Do I need an air vent for my sealed-up fireplace?

Wondering whether to get an air vent for your sealed-up fireplace? As the world progresses, modern-day people are now closing their fireplaces. Most people are doing this because of the boom in what's known as internal heating features.

It is because we now know that chopping down trees for firewood harms the world. Many people would instead use heaters or air conditioning when looking for solutions.

This is a much more comfortable and more sustainable approach to warming your house. The only challenge is that if you have got a chimney, it can render all the heating features of your home pointless.

This is because cold air can still come in from outside. People have resorted to sealing up their unused fireplaces using bricks.

This is where the dilemma comes in. You have a space in the house utilised for charcoal, and other dangerous fumes, is it wise to close it up and leave it be?

This will discuss the importance of allowing it through your sealed fireplace. We will look at the cost involved, as well as the necessity of the procedure.

Is it necessary to have an air brick when blocking up a fireplace?

In any house, the structure is well dependent on the house's ability to deal with moisture. If you had a chimney, then the moisture absorbed will be different from normal once you seal the chimney.

Not to mention that all chemicals that come when burning wood have now stuck to the chimney walls. These chemicals will now mix with the moisture that is inside the ventilation system.

This mixture combined can begin to destroy a way out of the bricks used to build the chimney. The lack of airflow will form insulation and end up creating moisture.

Does it cost a lot to put a vent panel into a bricked-up fireplace?

In some cases, we could say that it is expensive to put a vent panel into a sealed-up fireplace. This depends on the kind of house that you have.

If you have got an average-sized modern house, then this procedure will not be very expensive. You will only need in most cases to seal up the bottom side of the fireplace.

If you do this well enough, then the top of the chimney will remain open thus providing a ventilation system. You will not need to insert one in this case. For some, it might be more complicated; for example, some chimneys go through many stories and end up at different parts of the house.

You may need to install a chimney cap or add a brick vent somewhere along the line in such a situation. This process requires expertise but is not very expensive.

Questions and Topics

How an unvented fireplace can encourage damp, i.e., no draught.

When you have a space such as a fireplace that has been open and experienced a whole array of gas passes through. When you close this and allow this space to become infiltrated by both hot and cold, it will be a damp space. You will need to understand that there is no place for the moisture to go.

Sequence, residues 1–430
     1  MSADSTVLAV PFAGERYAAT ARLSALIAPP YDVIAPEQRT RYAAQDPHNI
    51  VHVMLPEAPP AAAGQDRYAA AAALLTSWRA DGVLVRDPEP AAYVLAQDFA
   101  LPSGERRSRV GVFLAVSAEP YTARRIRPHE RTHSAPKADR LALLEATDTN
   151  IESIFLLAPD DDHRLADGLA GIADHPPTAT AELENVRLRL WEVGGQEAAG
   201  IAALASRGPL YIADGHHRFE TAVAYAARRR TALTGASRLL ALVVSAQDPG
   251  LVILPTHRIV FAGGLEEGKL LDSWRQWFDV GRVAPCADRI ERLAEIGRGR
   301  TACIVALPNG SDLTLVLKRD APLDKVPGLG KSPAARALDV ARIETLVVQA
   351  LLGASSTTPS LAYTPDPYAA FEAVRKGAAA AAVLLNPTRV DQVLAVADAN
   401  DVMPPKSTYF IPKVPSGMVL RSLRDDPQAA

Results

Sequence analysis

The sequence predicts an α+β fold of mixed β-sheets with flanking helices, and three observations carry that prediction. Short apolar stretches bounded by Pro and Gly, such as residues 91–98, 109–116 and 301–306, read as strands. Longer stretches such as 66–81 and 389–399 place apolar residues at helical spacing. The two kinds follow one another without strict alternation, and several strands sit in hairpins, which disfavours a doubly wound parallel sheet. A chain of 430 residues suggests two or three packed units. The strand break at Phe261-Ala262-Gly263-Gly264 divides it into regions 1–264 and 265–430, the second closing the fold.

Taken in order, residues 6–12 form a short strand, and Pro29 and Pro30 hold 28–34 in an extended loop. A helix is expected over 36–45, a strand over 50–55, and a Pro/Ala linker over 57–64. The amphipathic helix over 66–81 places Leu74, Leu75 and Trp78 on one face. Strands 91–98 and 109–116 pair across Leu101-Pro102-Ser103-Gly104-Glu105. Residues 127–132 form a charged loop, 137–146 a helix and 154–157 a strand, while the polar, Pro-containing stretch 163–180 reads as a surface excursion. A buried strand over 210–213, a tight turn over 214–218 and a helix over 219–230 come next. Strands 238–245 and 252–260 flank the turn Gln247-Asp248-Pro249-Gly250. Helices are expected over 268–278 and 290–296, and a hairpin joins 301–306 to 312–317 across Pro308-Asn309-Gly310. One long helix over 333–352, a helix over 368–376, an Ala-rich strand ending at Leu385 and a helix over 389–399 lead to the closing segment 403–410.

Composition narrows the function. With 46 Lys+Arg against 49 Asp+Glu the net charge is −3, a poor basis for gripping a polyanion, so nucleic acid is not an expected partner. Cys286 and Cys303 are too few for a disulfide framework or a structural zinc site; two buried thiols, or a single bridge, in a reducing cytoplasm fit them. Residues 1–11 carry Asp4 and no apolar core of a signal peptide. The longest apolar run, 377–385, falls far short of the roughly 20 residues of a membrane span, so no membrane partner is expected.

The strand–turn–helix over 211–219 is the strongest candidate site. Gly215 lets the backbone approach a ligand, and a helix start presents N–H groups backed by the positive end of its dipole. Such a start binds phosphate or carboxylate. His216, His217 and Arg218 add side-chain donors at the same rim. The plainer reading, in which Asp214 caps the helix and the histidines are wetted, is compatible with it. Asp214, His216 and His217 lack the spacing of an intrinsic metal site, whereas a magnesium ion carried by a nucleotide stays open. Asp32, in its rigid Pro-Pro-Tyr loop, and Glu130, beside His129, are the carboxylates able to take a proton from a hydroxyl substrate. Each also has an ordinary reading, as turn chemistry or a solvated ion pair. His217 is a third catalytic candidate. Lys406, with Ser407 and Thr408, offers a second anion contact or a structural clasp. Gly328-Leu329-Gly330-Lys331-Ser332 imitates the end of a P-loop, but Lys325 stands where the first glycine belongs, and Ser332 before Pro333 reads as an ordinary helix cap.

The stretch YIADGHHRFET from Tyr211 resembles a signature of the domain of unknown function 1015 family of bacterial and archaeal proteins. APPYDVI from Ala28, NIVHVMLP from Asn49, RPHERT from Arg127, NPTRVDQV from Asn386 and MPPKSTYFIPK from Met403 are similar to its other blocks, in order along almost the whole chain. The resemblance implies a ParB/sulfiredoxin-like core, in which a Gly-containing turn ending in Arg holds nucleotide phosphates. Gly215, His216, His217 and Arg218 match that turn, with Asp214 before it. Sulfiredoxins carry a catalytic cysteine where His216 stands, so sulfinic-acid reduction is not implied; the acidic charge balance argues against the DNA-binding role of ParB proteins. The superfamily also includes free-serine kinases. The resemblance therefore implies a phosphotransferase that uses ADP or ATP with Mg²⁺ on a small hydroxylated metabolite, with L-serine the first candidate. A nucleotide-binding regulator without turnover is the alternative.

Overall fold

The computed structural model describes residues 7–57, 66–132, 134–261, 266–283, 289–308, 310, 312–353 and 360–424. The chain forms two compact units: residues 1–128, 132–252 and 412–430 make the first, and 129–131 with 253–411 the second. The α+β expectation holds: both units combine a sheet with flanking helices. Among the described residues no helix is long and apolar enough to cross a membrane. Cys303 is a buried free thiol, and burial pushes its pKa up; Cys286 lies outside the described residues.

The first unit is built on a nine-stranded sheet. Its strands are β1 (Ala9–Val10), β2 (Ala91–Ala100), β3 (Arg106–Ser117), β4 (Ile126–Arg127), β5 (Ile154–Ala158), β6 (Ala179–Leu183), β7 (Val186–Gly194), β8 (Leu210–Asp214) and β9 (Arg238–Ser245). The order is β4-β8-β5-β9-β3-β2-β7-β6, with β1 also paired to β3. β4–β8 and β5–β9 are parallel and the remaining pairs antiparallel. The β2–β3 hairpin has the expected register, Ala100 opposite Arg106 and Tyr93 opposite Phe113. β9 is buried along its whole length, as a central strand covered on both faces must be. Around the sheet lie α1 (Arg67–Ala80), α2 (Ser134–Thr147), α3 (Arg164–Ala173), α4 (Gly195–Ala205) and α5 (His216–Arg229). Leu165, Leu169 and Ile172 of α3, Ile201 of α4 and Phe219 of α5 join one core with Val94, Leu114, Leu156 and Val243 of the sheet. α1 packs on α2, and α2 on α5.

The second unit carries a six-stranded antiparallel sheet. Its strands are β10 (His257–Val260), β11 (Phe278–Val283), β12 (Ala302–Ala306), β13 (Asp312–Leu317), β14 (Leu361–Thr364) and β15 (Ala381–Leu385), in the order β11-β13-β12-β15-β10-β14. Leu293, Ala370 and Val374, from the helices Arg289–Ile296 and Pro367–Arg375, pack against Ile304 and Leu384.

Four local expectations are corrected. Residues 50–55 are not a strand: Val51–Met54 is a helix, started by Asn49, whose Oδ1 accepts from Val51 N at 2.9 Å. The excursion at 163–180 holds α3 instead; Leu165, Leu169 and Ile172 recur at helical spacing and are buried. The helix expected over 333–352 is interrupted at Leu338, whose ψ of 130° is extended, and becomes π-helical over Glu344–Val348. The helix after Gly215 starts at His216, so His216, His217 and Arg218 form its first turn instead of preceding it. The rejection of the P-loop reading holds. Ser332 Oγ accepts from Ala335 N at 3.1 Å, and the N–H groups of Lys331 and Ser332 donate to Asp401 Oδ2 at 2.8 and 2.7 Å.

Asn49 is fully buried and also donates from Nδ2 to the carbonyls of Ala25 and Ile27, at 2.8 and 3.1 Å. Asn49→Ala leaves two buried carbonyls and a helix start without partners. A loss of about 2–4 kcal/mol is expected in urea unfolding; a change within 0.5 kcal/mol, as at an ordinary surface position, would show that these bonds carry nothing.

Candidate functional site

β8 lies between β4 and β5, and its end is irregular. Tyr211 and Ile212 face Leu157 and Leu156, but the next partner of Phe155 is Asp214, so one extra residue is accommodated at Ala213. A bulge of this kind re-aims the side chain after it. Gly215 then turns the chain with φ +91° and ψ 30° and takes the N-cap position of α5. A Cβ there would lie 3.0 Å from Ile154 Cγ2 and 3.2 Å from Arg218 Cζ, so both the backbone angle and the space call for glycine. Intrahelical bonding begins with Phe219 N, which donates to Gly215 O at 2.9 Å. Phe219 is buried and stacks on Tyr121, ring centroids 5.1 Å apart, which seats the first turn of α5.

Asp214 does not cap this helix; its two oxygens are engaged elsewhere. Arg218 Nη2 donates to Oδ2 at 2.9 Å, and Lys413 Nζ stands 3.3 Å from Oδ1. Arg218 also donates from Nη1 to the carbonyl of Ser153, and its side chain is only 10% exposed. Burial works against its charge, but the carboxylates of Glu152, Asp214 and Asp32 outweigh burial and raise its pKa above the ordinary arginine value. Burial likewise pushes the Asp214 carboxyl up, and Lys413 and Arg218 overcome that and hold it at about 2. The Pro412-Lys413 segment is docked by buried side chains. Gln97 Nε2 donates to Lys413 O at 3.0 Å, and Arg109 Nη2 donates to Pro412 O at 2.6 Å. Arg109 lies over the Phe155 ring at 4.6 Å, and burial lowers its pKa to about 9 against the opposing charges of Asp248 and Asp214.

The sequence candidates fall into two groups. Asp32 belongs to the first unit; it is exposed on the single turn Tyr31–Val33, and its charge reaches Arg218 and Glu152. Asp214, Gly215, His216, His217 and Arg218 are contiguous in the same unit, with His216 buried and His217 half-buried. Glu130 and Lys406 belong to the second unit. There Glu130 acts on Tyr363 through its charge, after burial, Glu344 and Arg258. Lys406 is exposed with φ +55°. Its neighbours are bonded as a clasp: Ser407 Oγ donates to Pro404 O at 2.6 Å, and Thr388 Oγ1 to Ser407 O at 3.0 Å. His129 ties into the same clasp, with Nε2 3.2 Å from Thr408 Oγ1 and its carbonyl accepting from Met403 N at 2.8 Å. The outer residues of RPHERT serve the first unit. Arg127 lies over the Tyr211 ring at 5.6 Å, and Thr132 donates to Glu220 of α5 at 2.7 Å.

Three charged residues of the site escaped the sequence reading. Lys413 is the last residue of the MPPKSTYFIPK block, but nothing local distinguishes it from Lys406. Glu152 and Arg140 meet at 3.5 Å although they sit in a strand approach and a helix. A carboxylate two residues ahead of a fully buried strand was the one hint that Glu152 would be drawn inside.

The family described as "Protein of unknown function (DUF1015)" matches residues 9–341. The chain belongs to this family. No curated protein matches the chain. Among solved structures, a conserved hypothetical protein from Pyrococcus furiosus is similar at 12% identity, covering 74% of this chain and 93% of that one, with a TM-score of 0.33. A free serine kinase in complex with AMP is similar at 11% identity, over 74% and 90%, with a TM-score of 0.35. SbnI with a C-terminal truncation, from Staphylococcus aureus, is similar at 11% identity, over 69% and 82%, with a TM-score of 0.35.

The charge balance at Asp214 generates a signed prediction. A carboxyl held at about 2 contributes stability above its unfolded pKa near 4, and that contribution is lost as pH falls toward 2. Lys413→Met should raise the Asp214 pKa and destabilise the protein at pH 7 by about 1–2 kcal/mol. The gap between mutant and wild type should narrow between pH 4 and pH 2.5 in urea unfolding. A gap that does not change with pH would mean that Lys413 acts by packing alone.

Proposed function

It will then begin to start breaking down the bricks around it through air penetration. This air penetration is quite dangerous because people often do not notice it for years.

The chimney is one of the main structural foundation points and if this collapsed the house may. This is one of the main dangers that you can expect if you seal your fireplace without an outlet for moisture.

Should I install an airing brick or a ventilation panel? Which is more cost-effective?

An airing brick is the cheaper option in this scenario. It has a fancy name but in a simple what it is a hole in the chimney along the line.

Some bricks come with holes in them that can feature many different patterns and shapes. This is what's referred to as an airing brick.

When you are sealing up your brick instead of excellent bricks, you can ensure that one or two are airing bricks. This will allow the moisture to come in and out as it needs to. If you would like to use a ventilation panel, this would be more expensive.

You have to buy a ventilation panel with a specific mechanism to ventilate chimneys. This is a more high-class option, but, they perform the same task.


In conclusion, sealing up your fireplace will come with a lot of challenges. This should not stop you from moving to a more sustainable way of warming up your house. Climate change is a severe problem and if you intend to move to more greenhouse ways, then thumbs up to you.

It would be wise to put an air vent somewhere along the line. Doing this will prevent a buildup of moisture and protect your house’s structure. Doing this is quite simple; all you will need is an air brick.

If you have a more complicated roof, you may need to use a ventilation panel at different points and the chimney. It is also important to remember that it will be costly to change your mind once you have done this. It may also affect your property’s price value seeing as you cannot sell it as having a working chimney.

About The Author

Reece Thompson: Reece has been involved in property in one way or another for the past 10 years. He's gained a lot of experience when it comes to the home, kitchen and garden. He shares his knowledge with enthusiasm and honesty.